Criteria for funding such behavioral research should be similar to those used for allocating resources to engineering and “hard-science” research. In those domains, promising technologies are theory-driven; similarly, successful behavioral interventions have typically drawn on existing theoretical and empirical work. Behavioral interventions should also have clearly measurable outcomes; projects should include careful testing protocols, including randomized field trials when possible. Perhaps most important, promising interventions must be scalable; although basic behavioral science questions and theoretical nuances are also important, here we are advocating for ideas that have large effects on energy consumption and can cost-effectively be scaled to millions of consumers. As such, R&D that brings together scientific knowledge and industry testing and scaling capacity can be particularly powerful.

Second, through market incentives, policy-makers can encourage—or fail to encourage—private-sector firms to generate and utilize behavioral innovations that “nudge” consumers to make better choices. Historically, economists and policy-makers have focused on how regulation affects relative prices—for example, how emissions caps or taxes on pollution-intensive goods affect the prices firms set. In practice, however, firms interact with consumers in many ways in addition to pricing. Utilities, for example, can give consumers clear or opaque information about energy-efficient goods, can make it easy or difficult to find out about energy-efficiency promotions, and can otherwise nudge consumers in ways that cause them either to increase or decrease consumption. Regulatory changes such as “decoupling,” which separate electricity retailers' profits from quantities sold, are one mechanism that could encourage firms to nudge consumers toward reducing energy use (26).

Third, government agencies often provide independent information disclosure, such as vehicle and appliance energy-efficiency ratings. This helps catalyze private-sector innovation by allowing firms to credibly convey the financial value of energy efficiency to consumers. The effect of information on choices, however, depends critically on how the information is conveyed, and government agencies should carefully consider behavioral factors in the disclosures they control. For example, rating fuel economy in miles per gallon (MPG) can mislead consumers; most people approach MPG as a linear indicator of the cost of fueling a vehicle, whereas, in reality, annual fuel costs will scale nonlinearly in MPG (27).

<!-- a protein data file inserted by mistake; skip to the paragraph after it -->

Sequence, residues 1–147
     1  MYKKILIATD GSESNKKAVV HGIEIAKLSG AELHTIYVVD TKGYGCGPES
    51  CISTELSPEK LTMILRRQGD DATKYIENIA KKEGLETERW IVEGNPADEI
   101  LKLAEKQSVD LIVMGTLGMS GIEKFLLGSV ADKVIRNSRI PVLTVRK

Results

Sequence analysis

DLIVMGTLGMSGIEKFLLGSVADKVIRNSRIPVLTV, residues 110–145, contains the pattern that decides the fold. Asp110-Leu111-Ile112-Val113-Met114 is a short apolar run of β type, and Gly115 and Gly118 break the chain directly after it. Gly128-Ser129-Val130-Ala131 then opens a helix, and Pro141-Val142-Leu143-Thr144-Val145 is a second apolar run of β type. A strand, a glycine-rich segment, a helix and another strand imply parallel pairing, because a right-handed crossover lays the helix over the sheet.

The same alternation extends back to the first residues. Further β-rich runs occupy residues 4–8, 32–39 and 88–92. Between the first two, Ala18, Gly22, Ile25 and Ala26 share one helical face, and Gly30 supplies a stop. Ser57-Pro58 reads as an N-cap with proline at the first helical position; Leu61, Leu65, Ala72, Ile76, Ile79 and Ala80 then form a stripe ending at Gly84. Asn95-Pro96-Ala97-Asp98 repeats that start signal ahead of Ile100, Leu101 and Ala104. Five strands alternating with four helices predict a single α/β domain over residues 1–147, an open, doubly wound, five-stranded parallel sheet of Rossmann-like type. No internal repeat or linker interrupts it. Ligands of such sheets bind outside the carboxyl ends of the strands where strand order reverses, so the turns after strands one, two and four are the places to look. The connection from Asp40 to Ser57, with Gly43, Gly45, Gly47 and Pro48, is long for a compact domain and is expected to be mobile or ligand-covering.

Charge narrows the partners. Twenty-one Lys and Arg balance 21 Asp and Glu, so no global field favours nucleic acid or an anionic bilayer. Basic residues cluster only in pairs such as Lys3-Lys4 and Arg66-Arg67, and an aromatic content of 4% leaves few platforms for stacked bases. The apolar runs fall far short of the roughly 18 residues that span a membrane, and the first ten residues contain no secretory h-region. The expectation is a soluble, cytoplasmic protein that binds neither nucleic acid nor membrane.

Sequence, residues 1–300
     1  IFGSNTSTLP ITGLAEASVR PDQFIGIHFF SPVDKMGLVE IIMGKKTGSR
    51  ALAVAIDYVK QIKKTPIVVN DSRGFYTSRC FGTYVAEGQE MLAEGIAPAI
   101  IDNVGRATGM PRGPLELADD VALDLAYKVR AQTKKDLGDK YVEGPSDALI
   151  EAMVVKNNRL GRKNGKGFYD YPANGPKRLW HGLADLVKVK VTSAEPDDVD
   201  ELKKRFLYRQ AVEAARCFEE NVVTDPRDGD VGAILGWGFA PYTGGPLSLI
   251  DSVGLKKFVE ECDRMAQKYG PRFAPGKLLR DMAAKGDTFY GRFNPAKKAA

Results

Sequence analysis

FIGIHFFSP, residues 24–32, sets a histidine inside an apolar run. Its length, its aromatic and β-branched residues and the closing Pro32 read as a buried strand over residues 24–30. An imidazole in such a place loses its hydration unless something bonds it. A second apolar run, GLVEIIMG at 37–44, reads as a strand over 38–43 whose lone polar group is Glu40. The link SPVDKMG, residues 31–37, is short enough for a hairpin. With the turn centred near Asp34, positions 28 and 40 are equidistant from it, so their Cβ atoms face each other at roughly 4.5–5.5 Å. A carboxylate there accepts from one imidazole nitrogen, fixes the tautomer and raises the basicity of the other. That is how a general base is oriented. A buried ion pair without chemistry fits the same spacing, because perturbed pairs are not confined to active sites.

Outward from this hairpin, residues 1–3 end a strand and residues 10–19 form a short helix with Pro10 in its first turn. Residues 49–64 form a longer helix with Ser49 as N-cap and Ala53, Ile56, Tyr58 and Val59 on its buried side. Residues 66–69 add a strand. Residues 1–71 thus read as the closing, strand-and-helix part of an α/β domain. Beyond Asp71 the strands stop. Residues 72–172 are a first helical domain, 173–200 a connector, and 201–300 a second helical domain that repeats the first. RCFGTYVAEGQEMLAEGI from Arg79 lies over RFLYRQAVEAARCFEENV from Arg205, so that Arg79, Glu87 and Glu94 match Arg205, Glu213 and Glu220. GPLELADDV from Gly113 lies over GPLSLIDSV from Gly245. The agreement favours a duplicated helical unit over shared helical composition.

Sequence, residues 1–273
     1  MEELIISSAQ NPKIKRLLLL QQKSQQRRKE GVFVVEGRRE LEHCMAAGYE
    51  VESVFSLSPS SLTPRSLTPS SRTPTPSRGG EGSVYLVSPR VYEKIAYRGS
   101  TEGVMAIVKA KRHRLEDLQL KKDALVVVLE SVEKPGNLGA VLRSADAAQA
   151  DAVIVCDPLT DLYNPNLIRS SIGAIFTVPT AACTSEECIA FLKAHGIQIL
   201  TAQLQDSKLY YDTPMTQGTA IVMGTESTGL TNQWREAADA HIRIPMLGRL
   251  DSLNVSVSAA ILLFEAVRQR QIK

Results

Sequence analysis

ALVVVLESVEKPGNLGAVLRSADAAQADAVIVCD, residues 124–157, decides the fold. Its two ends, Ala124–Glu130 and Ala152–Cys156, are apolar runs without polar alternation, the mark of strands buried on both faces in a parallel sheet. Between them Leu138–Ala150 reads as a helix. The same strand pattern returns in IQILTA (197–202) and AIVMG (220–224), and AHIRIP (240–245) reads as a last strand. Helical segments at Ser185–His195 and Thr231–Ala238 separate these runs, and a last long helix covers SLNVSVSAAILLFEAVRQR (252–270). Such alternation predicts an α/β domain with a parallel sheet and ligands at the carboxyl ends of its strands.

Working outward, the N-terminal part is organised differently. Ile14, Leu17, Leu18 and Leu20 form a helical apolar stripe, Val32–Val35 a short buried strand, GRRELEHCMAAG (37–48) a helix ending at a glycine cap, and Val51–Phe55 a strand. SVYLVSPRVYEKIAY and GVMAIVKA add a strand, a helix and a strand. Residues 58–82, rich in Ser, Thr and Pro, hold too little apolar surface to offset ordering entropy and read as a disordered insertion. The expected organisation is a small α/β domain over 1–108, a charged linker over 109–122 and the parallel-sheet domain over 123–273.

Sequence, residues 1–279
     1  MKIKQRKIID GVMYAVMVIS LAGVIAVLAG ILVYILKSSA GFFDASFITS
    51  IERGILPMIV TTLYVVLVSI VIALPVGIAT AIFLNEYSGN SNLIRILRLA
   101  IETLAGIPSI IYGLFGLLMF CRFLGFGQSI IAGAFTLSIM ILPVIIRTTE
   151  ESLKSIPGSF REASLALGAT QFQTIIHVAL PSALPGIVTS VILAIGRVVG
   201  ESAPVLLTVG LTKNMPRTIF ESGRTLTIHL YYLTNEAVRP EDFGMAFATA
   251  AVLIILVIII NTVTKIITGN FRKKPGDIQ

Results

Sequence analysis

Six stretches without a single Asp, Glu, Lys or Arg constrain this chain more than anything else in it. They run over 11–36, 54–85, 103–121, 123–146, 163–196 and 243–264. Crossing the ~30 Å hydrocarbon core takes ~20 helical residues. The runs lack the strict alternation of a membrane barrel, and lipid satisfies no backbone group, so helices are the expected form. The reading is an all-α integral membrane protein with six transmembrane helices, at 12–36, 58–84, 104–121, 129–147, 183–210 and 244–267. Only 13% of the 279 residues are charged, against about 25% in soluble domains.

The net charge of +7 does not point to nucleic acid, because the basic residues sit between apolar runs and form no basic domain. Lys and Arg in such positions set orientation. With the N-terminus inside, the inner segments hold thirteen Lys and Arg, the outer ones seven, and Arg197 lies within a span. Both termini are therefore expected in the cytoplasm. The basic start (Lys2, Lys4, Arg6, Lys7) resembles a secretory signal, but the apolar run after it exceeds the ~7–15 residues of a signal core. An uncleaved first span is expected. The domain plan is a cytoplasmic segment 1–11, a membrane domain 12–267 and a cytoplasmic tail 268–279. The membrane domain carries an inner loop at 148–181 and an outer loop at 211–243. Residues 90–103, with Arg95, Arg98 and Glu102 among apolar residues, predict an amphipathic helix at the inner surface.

Nuanced research into human behavior and energy-use decisions is not new, nor is the idea that energy efficiency may be generally cost-effective. What has been missing is a concerted effort by researchers, policy-makers, and businesses to do the “engineering” work of translating behavioral science insights into scaled interventions, moving continuously from the laboratory to the field to practice. It appears that such an effort would have high economic returns.

References and Notes

  1. Before 1980, there were 20 experiments on energy-use feedback alone (28); these and more recent information provision experiments reduced electricity use by between 5 and 20% (29, 30).
  2. Program cost and treatment effects represent a scaled program, with monthly reports targeted at the 60% of users with highest baseline use and quarterly reports for the remaining 40%. Note that “cost to the utility” somewhat understates total social costs, because the costs consumers incur are not known.
  3. For more detail on these techniques, see http://ideas42.iq.harvard.edu/files/ideas42/BehavioralScienceandEnergyPolicy.pdf.
  4. This work was supported by the Hewlett Foundation and the Russell Sage Foundation.